Limitation of Liability - Consequentials

Contract Type:
Generic Contract

Neither party shall be liable to the other for any indirect or consequential loss or damage, including loss of profits, revenue, business, contracts or anticipated savings, arising out of or in connection with this Agreement, whether in contract, tort (including negligence), breach of statutory duty or otherwise.


Here is a plain English explanation of the Limitation of Liability - Consequentials clause:

- This clause prevents either party from being liable to the other for indirect or consequential losses.

- Indirect losses refer to those that are a knock-on effect of the main loss.

- Consequential losses are secondary losses that follow from the initial loss.

- Examples given include loss of profits, revenue, business, contracts or expected savings.

- The exclusions apply regardless of whether liability arises from breach of contract, negligence, statutory breach or other causes.

- Basically, neither party has to compensate the other for secondary or indirect losses flowing from any contract breaches or damages.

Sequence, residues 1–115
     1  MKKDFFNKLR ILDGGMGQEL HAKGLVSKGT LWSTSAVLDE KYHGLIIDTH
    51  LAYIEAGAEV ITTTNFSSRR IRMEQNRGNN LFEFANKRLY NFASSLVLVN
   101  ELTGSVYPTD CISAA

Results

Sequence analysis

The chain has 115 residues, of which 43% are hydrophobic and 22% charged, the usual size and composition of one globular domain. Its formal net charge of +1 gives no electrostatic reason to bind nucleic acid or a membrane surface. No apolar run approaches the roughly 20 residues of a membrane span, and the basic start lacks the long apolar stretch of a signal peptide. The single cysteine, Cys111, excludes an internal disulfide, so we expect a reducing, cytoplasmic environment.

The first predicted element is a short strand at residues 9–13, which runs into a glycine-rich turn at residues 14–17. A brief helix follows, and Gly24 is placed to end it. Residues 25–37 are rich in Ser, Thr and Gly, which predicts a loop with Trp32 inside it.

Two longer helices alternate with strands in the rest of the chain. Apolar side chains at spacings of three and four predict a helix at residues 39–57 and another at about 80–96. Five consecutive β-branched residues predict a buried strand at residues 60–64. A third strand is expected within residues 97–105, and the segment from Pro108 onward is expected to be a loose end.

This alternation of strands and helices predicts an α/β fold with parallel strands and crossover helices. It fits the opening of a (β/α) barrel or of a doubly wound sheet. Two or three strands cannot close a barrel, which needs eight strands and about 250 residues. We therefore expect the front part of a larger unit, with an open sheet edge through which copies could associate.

- Liability is limited to direct and primary losses only.

- The purpose is to prevent claims for extensive speculative damages like lost future profits.

- It provides certainty on the scope of liability for both parties.

History of the clause (for the geeks)

The limitation of liability for consequential losses clause emerged in English contract law during the industrial revolution of the late 18th and early 19th centuries.

As modern business relations became more complex, the courts saw an increase in claims for indirect losses like lost profits from breach of contract.

In response, English lawyers drafted specialized clauses to limit liability only to direct damages from breach. By the 1840s, these "consequential loss waivers" were an established feature in commercial contracts, as affirmed by court rulings.

The clauses proliferated through the 19th century as English courts upheld their validity, provided they were not unconscionable. The limitations became a key risk management tool for insurers as well.

In the 20th century, English law continued to enforce consequential loss waivers while refining their application through legislation like the Unfair Contract Terms Act 1977. This prevented abusive waivers.

Today, English law permits parties to reasonably limit consequential liability through clear contract language. The clauses evolved from the need to provide certainty on risks for industrial era commerce and remain an important means of commercial risk allocation.